Samsung also had a vast array of new LED/LCD and plasma TVs on display, which we will discuss more in the coming months. The series we want to focus on here are the edge-lit LED D6000, D6400, and D6420 lines, which are the first TVs to incorporate RVU technology. Adrienne Maxwell discussed RVU technology in her blog post about DirecTV's upcoming HMC30 HD DVR/server. Place these new Samsung TVs throughout your home, and you can stream live and recorded content, along with the complete DirecTV user interface, from the server to the TVs with no additional set-top boxes required. The RVU-enabled TVs will be available in March. Samsung's super-slim BD-D7500 3D Blu-ray player was impressively sleek, as were the new active 3D glasses (SSG-3700CR) that use RF technology and have an incredibly light form (weighing less than one ounce). They are much more comfortable than any first-gen active 3D glasses we've tried. Samsung has also redesigned its interface: The new Smart Hub system offers Samsund Apps, a Web browser, and a Search All function that searches for content across the TV's Web services, mobile devices, and DLNA devices.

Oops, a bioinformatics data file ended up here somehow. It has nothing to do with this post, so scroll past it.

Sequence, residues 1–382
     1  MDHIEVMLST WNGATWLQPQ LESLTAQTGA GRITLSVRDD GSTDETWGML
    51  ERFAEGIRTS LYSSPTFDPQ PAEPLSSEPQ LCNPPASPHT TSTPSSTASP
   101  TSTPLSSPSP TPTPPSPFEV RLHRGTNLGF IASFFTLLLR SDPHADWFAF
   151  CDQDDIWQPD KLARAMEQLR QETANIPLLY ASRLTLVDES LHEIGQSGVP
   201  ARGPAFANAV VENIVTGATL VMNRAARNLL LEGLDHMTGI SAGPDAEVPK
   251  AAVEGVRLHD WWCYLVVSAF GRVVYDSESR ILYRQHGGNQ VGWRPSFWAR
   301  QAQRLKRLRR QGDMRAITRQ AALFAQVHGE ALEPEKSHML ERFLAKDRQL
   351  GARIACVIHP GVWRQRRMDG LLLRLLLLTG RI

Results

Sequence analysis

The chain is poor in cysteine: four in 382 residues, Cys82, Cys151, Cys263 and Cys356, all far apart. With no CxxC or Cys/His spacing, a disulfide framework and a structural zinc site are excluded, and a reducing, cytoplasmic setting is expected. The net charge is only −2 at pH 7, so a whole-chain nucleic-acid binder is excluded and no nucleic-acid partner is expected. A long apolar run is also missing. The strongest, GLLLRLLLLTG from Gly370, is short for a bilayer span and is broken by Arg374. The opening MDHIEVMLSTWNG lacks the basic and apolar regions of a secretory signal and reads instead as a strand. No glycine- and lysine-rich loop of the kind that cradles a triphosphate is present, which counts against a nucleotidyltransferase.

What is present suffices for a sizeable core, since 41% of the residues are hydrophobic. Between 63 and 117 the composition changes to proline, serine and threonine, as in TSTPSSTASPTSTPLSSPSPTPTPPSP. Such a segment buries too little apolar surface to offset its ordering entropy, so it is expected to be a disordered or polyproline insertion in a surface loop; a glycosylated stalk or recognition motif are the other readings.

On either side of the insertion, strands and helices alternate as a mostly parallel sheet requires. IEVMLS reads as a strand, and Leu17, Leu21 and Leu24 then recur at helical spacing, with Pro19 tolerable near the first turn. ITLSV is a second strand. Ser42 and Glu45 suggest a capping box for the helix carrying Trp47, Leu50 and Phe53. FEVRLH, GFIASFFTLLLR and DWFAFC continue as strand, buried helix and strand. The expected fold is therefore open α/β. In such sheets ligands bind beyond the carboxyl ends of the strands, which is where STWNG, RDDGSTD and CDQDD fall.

In addition to 27 new BRAVIA TVs and a bunch of 3D-capable camcorders and cameras, Sony also announced its "Music Unlimited Powered by Qriocity" cloud-based music service that will include over six million tracks from major labels. The service is expected to launch in the first quarter. Sony also touted its new partnership with Time Warner Cable to deliver select VOD content to connected televisions, and of course the company showed off a newly redesigned interface. This year's BRAVIA line will include 22 connected TVs and 16 3D-capable models, with integrated IR sensors. The company will add Skype functionality to select TVs and Blu-ray players, as well. In the prototype department, Sony demoed some 2K and 4K panels that can show passive 3D at a higher resolution, as well as a portable, glasses-free 3D Blu-ray player.